Though the economy remains sluggish - and hiring even more so in the economy overall - the Robert Half Technology IT Hiring Index and Skills Report found projected IT hiring to increase in the first quarter.
The survey of 1,400 U.S. CIOs found a net 10 percent increase in the number expecting to hire, up 4 percentage points from the previous quarter. With many companies starting a new fiscal year, it makes sense that hiring can take place now. (According to reCareered, hiring might actually be taking place even this close to the holidays.)
If you're in IT, you couldn't be coming out of college at a better time. You can get a job somewhere, but you need to choose wisely. ... You need to get someplace where you can see a growth path and where you're going to learn a lot over the next year or two.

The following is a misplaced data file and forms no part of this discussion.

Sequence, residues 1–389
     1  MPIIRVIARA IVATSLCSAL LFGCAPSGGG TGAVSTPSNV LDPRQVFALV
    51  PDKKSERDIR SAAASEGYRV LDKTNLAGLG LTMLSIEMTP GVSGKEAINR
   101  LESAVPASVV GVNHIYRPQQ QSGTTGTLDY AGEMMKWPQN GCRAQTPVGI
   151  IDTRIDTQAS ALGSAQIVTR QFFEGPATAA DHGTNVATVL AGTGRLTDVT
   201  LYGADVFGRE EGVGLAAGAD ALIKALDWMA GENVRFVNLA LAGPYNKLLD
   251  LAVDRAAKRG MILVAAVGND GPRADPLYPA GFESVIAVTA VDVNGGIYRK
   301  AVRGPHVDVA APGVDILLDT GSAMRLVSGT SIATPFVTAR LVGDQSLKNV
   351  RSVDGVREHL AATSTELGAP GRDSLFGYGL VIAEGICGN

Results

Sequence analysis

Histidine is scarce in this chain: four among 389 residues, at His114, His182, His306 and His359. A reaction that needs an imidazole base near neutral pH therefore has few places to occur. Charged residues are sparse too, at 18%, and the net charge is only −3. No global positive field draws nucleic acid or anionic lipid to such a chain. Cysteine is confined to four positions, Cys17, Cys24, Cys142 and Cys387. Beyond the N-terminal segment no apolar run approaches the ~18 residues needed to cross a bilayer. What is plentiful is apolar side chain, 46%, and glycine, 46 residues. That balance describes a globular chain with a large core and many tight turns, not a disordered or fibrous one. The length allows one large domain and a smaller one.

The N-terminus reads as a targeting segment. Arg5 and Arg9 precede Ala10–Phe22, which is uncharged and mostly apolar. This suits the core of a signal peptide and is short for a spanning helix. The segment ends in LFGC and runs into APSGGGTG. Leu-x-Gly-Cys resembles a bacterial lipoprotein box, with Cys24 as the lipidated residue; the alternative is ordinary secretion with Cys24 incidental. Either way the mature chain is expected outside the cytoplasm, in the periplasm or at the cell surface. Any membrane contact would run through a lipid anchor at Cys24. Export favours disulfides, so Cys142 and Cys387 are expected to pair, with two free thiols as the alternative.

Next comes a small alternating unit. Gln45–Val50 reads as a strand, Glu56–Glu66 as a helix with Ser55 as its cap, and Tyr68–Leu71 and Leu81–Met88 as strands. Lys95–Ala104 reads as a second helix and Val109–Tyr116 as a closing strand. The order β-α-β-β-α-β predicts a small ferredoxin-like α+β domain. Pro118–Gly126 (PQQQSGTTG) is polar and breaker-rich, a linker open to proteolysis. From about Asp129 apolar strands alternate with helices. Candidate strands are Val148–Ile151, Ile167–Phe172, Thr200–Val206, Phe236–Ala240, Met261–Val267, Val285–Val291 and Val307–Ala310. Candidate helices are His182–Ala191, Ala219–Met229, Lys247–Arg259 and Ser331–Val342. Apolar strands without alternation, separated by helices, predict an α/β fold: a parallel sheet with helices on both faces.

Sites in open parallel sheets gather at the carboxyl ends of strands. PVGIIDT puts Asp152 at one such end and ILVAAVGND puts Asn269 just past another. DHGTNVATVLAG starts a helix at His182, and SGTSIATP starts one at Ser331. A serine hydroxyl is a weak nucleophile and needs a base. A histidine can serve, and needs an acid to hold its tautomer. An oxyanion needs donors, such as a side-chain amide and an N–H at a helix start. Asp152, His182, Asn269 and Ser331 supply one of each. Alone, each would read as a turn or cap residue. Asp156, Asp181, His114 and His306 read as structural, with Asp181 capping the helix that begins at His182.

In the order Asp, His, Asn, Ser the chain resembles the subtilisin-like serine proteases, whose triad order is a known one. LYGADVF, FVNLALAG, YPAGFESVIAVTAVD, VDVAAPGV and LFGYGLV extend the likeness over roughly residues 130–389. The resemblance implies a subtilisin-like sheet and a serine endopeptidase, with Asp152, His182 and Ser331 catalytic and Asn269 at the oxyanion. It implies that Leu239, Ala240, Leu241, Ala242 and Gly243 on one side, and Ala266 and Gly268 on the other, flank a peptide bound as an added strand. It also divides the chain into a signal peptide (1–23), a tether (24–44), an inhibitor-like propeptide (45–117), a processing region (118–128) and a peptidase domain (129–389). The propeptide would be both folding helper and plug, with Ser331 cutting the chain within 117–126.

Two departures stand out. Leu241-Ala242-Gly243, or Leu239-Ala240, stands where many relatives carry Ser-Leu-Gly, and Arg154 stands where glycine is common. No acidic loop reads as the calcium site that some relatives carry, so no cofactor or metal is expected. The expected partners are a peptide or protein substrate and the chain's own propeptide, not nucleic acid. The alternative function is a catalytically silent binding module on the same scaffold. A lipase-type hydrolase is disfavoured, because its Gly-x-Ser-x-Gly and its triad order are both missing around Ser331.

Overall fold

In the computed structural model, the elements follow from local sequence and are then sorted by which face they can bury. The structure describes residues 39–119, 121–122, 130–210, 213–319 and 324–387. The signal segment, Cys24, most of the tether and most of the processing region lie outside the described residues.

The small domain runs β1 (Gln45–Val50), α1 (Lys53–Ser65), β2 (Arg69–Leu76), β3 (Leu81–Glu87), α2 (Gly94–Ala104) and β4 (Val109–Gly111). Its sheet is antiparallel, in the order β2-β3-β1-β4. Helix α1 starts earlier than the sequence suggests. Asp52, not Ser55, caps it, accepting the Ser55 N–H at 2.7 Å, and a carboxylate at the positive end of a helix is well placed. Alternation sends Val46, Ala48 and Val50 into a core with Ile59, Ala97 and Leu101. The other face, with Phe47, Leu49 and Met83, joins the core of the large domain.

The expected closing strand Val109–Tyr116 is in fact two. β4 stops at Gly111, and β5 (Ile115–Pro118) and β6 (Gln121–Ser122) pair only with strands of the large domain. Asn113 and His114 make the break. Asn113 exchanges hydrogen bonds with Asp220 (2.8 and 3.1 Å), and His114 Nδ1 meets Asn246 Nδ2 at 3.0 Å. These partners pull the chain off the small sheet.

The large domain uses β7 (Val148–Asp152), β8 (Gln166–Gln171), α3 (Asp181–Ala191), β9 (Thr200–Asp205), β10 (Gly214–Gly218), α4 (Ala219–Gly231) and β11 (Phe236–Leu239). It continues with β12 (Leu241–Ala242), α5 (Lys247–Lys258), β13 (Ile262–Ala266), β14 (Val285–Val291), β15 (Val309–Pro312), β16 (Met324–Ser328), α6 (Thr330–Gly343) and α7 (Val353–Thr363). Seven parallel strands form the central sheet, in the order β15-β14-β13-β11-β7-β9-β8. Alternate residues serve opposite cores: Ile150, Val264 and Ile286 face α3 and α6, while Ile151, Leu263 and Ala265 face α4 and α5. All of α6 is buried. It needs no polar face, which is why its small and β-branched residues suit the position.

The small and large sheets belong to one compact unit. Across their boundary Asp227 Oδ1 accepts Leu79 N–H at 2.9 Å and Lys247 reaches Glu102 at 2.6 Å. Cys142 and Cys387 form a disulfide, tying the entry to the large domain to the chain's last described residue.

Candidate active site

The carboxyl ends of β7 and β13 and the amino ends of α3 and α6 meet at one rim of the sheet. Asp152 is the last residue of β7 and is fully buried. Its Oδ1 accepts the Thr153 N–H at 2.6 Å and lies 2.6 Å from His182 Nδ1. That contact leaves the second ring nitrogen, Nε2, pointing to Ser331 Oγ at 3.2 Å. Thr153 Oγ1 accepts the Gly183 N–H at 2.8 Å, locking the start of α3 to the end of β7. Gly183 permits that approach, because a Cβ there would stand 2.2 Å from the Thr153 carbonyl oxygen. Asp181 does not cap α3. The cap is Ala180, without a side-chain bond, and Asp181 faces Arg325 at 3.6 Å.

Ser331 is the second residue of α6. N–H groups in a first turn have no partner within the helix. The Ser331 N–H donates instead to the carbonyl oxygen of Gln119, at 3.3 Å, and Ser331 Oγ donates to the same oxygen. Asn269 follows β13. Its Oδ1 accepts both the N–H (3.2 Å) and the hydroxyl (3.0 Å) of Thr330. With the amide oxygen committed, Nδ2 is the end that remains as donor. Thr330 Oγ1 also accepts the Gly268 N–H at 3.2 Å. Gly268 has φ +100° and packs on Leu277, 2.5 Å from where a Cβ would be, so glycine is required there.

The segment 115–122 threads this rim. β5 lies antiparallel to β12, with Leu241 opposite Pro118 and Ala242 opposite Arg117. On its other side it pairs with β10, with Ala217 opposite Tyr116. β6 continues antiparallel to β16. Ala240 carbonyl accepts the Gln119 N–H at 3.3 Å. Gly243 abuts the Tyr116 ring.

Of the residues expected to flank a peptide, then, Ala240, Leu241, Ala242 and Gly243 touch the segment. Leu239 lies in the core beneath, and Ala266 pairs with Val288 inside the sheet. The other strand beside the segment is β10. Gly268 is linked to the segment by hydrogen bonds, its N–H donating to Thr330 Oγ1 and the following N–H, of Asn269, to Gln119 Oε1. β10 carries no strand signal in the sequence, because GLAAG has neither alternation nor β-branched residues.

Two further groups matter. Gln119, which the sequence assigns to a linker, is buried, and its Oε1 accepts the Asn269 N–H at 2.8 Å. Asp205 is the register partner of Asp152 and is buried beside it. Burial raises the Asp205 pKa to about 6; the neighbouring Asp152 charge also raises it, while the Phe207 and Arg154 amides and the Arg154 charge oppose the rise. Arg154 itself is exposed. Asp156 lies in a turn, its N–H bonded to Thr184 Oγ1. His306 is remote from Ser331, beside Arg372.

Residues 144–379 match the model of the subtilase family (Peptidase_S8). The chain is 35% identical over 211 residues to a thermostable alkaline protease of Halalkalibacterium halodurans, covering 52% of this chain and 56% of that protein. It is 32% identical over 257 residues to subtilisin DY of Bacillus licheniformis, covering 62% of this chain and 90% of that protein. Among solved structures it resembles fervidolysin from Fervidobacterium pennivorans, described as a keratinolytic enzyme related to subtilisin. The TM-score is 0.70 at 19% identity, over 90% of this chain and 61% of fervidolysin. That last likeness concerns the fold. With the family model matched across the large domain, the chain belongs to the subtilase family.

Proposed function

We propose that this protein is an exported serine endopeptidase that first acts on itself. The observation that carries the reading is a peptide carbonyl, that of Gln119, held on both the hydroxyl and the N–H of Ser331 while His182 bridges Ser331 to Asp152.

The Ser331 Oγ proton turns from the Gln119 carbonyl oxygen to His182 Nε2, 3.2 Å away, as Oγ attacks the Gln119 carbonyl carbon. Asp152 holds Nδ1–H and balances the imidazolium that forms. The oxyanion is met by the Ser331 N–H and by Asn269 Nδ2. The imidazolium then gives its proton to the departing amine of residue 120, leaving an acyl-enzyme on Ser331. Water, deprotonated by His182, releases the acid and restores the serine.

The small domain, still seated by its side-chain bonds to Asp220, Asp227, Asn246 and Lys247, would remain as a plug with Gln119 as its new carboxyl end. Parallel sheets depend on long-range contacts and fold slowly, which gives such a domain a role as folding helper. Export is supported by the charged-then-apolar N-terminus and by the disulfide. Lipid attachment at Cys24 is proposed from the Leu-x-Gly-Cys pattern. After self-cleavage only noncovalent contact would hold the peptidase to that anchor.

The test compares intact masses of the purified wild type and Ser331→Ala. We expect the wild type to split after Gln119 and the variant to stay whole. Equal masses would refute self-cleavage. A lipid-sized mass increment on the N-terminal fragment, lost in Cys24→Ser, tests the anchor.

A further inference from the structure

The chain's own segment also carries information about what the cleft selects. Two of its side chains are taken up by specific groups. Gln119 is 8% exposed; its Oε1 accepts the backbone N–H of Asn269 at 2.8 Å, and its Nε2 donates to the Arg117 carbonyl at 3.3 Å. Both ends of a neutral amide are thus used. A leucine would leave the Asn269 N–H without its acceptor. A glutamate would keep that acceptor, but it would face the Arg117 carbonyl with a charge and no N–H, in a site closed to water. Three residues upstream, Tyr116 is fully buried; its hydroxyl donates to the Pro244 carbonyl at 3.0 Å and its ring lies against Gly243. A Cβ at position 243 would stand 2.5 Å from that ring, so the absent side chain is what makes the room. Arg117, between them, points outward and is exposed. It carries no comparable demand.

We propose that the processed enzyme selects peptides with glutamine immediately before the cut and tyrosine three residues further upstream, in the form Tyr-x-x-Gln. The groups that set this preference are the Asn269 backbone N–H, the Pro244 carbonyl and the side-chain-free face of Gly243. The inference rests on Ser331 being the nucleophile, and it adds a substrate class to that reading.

The article also quotes Dice.com Managing Director Alice Hill advising new college graduates to negotiate hard on beginning salary. She puts that average starting IT salary at $47,000, though in engineering, it's $57,644, according to the National Association of Colleges and Employers.
For managers, in a long piece at ere.net, John Sullivan delves into the short-term and long-term benefits of choosing new college grads rather than more experienced talent, calling his article a "business case." Some readers were incensed though, feeling that Sullivan, a former Silicon Valley talent pro who's now a professor of management at San Francisco State University, had dissed more experienced workers and even that his reasoning amounted to blatant age discrimination.